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Executing a fourth inmate in less than a year, the state of Oklahoma pronounced Gilbert Ray Postelle dead at 10:14 a.m. at the McAlester prison.
The killing by lethal injection comes days before a scheduled Court hearing on February 28 to determine whether Oklahoma’s lethal injection protocol is constitutional.
Convicted of murdering four people in a 2005 shooting spree, a sister of one of Postelle’s victims expressed gratitude over the state-sanctioned murder.
In a speech after the execution, Shelli Miner said Postelle’s death made her feel better and she wishes that Paul Howell’s family was able to have the same feeling, according to Frontier journalist Dylan Goforth.
Notably, Julius Jones, was spared from death row hours ahead of his planned execution on November 17, 2021 over the killing of businessman Paul Howell in 1999. Millions have supported Jones’ claim of innocence. Religious leaders, community organizers, students, and politicians successfully came together to push Stitt to commute Jones’ sentence.
Meanwhile, Miner’s speech suggesting Postelle’s killing made her feel better, along with her suggestion that Julius Jones should also have been killed, points to the reality of the state’s motive for killing human beings. For state leaders and the families that support it, the death penalty isn’t about justice. It’s about revenge.
Oklahoma executes man with mental illness
Opponents of the death penalty, along with Gilbert Postelle’s attorneys, have called attention to his severe mental illness, saying he became addicted to Methamphetamine at the age of 12.
Ahead of the execution, The Oklahoma Coalition to Abolish the Death Penalty (OK-CADP) held a vigil outside the Governor’s Mansion, protesting the taking of a life for a life.
“Only the morally ill execute the mentally ill, which is becoming commonplace in Oklahoma. It diminishes the humanity in all of us.” Don Heath, OK-CADP Chair, said in a statement shared with The Black Wall Street Times.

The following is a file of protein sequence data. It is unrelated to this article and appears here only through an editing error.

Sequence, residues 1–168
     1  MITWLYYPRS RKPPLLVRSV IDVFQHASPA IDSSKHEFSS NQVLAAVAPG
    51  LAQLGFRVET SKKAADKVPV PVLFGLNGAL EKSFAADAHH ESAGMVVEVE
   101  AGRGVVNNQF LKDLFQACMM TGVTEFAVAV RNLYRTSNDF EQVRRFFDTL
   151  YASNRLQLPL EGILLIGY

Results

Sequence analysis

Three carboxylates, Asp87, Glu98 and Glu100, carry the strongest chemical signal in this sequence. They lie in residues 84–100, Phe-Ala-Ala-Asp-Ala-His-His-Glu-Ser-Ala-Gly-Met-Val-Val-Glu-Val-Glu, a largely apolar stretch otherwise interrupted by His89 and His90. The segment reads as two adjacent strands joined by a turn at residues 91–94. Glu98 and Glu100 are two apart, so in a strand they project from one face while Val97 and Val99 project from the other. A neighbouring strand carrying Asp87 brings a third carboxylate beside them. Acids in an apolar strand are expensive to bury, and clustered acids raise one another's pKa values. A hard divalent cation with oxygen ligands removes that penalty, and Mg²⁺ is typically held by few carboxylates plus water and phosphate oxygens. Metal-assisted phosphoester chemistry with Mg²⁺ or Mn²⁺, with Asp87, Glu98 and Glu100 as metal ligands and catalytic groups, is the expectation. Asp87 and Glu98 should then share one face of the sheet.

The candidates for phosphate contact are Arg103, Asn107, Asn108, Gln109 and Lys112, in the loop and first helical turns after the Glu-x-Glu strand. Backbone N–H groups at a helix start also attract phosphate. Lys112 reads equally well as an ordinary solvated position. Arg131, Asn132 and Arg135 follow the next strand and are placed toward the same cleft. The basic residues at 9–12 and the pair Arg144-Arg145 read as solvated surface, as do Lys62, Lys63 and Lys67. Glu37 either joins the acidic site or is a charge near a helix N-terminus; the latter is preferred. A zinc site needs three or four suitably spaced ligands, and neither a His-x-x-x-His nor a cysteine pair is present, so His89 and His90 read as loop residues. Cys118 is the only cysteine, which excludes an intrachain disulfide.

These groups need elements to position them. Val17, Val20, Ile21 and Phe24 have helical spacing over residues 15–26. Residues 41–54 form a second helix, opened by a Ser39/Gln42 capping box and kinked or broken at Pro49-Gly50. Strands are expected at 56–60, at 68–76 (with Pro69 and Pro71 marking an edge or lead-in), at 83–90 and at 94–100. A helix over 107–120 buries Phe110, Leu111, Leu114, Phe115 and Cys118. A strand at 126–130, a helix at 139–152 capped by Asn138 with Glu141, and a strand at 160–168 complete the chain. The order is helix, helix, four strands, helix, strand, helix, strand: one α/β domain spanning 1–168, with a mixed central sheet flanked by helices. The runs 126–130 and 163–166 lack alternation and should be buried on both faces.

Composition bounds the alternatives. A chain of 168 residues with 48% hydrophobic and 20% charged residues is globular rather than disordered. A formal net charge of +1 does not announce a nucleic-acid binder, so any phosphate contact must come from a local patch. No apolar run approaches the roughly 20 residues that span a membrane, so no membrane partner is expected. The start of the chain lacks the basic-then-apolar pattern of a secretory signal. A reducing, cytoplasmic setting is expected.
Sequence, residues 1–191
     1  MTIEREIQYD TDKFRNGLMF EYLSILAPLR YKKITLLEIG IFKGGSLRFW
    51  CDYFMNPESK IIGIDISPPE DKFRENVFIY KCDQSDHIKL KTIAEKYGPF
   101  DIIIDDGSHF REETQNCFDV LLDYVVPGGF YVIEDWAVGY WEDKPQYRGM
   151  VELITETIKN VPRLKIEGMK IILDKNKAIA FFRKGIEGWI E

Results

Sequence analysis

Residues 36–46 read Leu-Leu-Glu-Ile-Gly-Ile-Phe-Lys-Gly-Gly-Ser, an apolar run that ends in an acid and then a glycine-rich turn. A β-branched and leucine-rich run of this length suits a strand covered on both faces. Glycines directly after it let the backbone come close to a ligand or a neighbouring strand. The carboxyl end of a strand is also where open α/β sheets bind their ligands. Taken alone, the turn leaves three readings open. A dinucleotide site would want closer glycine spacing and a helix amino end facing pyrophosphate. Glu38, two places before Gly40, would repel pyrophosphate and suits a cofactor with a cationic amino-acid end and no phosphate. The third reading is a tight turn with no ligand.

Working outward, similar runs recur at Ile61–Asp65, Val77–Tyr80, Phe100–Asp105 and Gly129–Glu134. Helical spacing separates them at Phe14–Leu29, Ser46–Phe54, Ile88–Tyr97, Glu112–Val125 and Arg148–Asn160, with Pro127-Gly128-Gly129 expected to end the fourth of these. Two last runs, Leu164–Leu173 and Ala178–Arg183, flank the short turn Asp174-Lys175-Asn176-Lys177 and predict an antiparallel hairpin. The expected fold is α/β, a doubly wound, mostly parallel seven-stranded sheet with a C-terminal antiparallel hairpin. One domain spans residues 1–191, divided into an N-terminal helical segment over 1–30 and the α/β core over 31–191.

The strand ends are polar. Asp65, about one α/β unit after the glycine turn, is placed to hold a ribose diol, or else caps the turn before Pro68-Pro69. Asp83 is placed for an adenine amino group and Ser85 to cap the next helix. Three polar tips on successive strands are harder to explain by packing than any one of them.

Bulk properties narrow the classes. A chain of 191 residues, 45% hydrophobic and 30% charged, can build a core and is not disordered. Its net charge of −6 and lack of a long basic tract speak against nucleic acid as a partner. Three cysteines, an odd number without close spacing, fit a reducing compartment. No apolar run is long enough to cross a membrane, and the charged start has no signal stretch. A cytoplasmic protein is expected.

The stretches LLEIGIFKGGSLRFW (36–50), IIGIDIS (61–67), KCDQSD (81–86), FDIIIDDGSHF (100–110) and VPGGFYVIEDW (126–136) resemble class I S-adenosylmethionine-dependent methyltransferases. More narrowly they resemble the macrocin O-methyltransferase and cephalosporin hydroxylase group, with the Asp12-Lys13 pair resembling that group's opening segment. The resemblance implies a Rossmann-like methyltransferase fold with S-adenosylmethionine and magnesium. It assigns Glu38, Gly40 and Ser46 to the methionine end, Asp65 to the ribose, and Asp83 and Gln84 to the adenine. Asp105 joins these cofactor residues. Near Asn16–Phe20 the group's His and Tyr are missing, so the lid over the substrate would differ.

“Today the State of Oklahoma killed another person suffering from mental deficits; a person unable to make rational decisions as a young kid influenced by a parent,” OK-CADP Board Member Randy Bauman added. “Gil Postelle as an adult deeply regretted what he did in his youth. He still suffered mentally, but was liked by those who got to know him and loved by many; a person now purposefully dead at the hands of the State of Oklahoma with absolutely nothing gained in his death.”
State goes on killing spree
The latest execution of Gilbert Postelle marks the fourth state-sanctioned killing since appointed Oklahoma Attorney General John O’Connor broke a nearly six-year moratorium on the practice. Oklahoma’s recent death penalty history is filled with botched executions, racist outcomes, and unconstitutional suffering inflicted on prisoners.
Black men are disproportionately more likely to be executed in Oklahoma. In fact, Oklahoma prosecutors are more likely to call for the death penalty in cases where the victim of a murder is White and less likely to call for it if the victim is Black or Hispanic, according to a 2017 report from the Journal of Criminal Law and Criminology.
The upcoming Feb. 28 hearing is supposed to determine whether Oklahoma is properly administering the morbid deed. Yet, Oklahoma Governor Kevin Stitt and AG O’Connor sailed through four executions before a judge could determine whether it’s appropriate.
For instance, both John Grant and Bigler Stouffer had fluid in their lungs when they died, according to a medical examiner’s report. Meanwhile, the practice of killing remains a lucrative side-job for doctors willing to participate.
The state continues to pay a medical doctor $15,000 for each execution, despite the ethical duty to preserve life rather than take it.
The state also remains embroiled in a lawsuit over its refusal to release the source of its lethal injection drugs. As most pharmaceutical companies have refused to supply states with drugs for executions, many are wondering where and how Oklahoma is getting its drugs.
Ultimately, with its cemented status as one of the most active death penalty states, according to the Death Penalty Information Center, the upcoming Court hearing may be the only thing standing in the way of the state’s killing spree.